With Flashback, a new talent rises to the occasion of providing readers eager for new authors with a good and enthralling story; and keeping those new fans on their toes with her follow up books which are being released in THREE of Harlequin's lines, Temptation, Duets and Blaze. If those are as funny and as hot as Flashback, then Nancy Warren is guaranteed to have her readers spoiled and eagerly awaiting all of her releases.
In Flashback, Laura Kincaide's meddling grandmother has found a way to see Laura return from the big city to her small hometown. She is to work on the house of her dreams, a rundown Victorian building, as an interior designer, along with Jack Thomas, a carpenter and the guy who broke her heart in high school.
It's a small town where everyone knows your choice of underwear and your last boyfriend's family name. And the word on the street is that Laura, whose relationships never lasted over three months, is finding herself once more under Jack's spell.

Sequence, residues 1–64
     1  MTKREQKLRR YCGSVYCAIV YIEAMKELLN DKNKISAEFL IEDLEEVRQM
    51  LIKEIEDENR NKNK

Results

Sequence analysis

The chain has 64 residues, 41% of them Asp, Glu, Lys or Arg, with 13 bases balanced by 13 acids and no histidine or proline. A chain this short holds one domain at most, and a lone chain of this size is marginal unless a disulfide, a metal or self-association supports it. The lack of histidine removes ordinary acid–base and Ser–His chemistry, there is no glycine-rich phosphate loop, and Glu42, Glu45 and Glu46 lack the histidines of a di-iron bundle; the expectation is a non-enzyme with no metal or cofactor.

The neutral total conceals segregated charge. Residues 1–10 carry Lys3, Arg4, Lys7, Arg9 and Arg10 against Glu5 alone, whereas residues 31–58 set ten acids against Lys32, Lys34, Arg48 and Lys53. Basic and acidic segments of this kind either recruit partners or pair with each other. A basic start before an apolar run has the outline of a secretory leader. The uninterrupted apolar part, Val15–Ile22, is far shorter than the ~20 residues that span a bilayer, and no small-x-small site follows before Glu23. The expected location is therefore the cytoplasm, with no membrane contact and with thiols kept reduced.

But Jack is not better off. While constantly being reminded by his eleven year old daughter Sara, beloved child of the OTHER woman, of why he had to dump Laura, and doubting that he could keep Laura in such a small town, his ex-wife turns up proclaiming that he needs a new wife and a mother figure for their daughter. Even worse, the ex-wife is setting out to find him the perfect candidate!
Nancy Warren reveals with her first published book a confident voice, sparkling with wit and sizzling with sexual undertones. Flashback is charming, sweet but not innocent; the timing for dialogue and comic moments is there, but thankfully never too obvious or too forced. The very natural sounding dialogue has no difficulty in bringing alive the characters perfectly, giving each of them a unique voice, a voice that mirrors their personalities. I especially had to grin at the authentic feel of Jack's daughter's choice of words. Very nicely done!
It's easy to like Flashback as I identified with the heroine from the first page, refusing to put down the book until I saw her story concluded on the very last page. I also enjoyed the obvious love for small towns and their occupants who are foreign to me but were brought to life with charm and understanding, not to mention admiration, for their small town gossip and support.
However, it was the sexual tension between the hero and the heroine, both obviously meant for each other that had me won over for good! The attraction is tangible and the use of paint rather interesting... it's just such a shame that some very eager participants spoiled their own big seduction scene. Not!